Union Minister Nitin Gadkari on Wednesday said that the government's proposal of introducing six airbags in vehicles is not mandatory for automobile manufacturers. Gadkari was speaking at the sidelines of the 63rd ACMA (Automotive Component Manufacturers Association of India) annual convention. The government had earlier set the deadline of October 1, 2023, for the implementation of the airbags mandate.

"Bharat NCAP has already started. The automobile manufacturers who have already started making six airbags will get more market share. Most of the automakers have already accepted the mandate. Only one company has some reservations, so it’s up to them if they want to accept the mandate or not. But now people are conscious. And whatever the economic model is people prefer to take six-air bags car," Gadkari says.

"We don't need to make it mandatory," he adds.

According to Gadkari, it is up to automakers if they want to make six-airbags and increase their market share.

Notably, the government introduced the six-air bags mandate last year to enhance safety for vehicle occupants. According to the ministry of road transport and highways, vehicles of category M1, manufactured after October 1, 2022, "shall be fitted with two side/side torso airbags, one each for the persons occupying front row outboard seating positions and two side curtain/tube airbags, one each for the persons occupying outboard seating positions."

Meanwhile, Gadkari says that the domestic automobile industry grew from ₹5.60 lakh crore in 2014 to ₹12.50 lakh crore till now. However, he points out that the imports pose a major challenge to the domestic automobile industry. According to Gadkari, imports of fossil fuel have been constantly increasing on a daily basis.

"There is only one challenge that India has imports worth ₹1.63 lakh crore and we need to reduce these imports, use the best technology and manufacture products of international standards," he says.

"Our export is ₹1.61 lakh crore. The contribution is 2.1% and the manufacturing contribution to Indian GDP is 25%. Employment generation is 50 lakh across the automobile industry," he adds.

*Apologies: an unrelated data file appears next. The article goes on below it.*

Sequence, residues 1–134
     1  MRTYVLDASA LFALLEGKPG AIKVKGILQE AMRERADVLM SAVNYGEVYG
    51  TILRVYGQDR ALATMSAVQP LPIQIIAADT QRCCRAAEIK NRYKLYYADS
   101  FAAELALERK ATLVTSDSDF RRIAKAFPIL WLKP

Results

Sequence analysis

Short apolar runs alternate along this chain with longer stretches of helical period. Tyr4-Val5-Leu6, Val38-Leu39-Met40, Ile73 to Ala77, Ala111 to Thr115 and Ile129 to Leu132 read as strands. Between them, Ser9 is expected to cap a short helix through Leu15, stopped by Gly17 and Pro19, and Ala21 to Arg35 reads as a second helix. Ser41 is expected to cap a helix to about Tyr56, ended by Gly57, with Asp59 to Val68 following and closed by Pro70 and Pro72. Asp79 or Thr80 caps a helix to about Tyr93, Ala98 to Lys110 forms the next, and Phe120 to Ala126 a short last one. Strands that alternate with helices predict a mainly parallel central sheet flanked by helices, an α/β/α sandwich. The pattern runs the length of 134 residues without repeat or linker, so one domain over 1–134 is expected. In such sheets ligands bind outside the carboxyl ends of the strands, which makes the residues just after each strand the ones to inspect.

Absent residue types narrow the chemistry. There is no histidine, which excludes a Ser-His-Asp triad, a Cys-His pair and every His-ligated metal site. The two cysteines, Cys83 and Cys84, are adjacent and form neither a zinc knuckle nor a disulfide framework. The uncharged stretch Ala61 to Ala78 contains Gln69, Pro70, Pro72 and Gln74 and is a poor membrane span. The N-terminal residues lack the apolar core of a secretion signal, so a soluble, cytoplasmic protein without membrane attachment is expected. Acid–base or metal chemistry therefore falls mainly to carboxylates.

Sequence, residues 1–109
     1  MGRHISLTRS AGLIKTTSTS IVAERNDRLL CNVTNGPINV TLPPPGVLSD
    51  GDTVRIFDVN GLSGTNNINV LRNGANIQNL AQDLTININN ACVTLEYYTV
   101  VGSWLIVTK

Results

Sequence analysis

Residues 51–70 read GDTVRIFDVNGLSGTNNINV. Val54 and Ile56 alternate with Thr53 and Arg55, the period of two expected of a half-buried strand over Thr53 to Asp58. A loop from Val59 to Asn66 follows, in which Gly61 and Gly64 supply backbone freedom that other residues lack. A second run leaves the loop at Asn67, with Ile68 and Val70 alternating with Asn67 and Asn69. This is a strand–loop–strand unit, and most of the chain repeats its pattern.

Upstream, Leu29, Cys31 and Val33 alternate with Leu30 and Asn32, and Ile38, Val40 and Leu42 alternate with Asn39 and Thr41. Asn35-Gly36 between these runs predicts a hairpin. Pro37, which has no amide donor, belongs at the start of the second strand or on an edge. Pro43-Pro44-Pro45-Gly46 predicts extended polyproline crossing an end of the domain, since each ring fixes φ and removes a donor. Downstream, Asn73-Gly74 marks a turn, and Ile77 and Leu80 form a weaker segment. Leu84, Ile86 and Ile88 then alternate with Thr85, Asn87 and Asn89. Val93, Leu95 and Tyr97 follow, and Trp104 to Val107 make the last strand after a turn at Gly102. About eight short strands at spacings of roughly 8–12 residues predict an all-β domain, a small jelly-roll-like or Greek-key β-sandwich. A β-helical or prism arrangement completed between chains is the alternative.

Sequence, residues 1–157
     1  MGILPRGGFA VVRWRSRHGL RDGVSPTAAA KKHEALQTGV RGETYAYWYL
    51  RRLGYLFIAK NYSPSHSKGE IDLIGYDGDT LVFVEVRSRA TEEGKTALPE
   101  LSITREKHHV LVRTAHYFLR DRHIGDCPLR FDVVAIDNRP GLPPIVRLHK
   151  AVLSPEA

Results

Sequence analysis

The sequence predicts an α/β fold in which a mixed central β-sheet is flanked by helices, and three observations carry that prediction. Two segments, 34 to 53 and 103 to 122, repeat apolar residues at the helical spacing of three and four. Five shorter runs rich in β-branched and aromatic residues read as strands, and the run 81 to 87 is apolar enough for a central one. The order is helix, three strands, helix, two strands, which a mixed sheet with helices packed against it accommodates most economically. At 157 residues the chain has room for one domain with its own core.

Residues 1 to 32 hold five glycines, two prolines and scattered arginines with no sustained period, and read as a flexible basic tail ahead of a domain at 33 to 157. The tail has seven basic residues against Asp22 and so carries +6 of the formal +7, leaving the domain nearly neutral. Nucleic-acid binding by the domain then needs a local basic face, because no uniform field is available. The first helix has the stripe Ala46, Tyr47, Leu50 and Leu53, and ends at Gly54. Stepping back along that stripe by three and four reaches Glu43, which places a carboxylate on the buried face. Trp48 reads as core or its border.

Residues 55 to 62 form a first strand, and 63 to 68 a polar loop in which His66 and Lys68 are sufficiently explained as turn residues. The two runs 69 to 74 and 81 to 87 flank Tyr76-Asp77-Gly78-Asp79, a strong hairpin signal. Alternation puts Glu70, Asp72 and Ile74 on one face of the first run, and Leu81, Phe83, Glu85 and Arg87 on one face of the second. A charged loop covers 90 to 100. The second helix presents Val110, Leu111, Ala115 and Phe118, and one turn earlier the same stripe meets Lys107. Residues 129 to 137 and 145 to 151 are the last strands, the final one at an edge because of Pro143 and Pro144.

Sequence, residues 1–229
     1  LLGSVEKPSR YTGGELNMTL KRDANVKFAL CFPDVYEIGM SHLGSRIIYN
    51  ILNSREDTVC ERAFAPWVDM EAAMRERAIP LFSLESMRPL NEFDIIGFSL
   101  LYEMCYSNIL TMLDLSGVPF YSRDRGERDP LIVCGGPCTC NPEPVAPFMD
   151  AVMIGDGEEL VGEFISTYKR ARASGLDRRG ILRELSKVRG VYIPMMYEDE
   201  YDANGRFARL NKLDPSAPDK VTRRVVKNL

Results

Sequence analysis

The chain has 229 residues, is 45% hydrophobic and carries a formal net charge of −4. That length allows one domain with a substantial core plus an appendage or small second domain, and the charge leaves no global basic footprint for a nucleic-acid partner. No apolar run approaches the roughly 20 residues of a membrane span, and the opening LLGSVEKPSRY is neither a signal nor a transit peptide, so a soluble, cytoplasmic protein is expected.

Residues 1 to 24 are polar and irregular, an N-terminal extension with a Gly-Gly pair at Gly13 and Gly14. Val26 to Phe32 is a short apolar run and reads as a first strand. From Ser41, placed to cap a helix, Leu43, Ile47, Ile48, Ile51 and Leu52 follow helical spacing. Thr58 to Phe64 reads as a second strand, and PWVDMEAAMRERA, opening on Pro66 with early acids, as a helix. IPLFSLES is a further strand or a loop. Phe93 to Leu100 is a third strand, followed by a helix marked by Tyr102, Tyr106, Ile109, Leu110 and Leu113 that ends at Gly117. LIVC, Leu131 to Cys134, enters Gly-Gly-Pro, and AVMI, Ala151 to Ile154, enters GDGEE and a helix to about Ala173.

Notably laying emphasis on the circulation economy, Gadkari says that the basic problem is the domestic imports for fossil fuels are ₹60 lakh crore. "The way this industry is growing, I feel that the imports can grow up to ₹25 lakh crore in the next five years. This is going to be a major challenge. Another problem is pollution because of fossil fuel emissions," he adds.

Urging automakers to go electric, he says that this transition will aid in reducing the cost. "There are four things I recommend- the proven technology, economic viability, availability of raw materials, and marketing of the finished product," says Gadkari, adding that it is time for the domestic automobile industry to adopt alternate fuel technologies.

Laying emphasis on the survival of the fittest in the domestic automobile industry, he says, “Hydrogen is the fuel for the future...By developing that technology, everyone is getting the market and making profits and making investments. And it has been experienced in the whole world. Brazil is making the technology of ethanol, electric vehicles are successful technology in the US and across European countries, so whatever successful technology is available in the world, it is time for BHARAT to accept those technologies."

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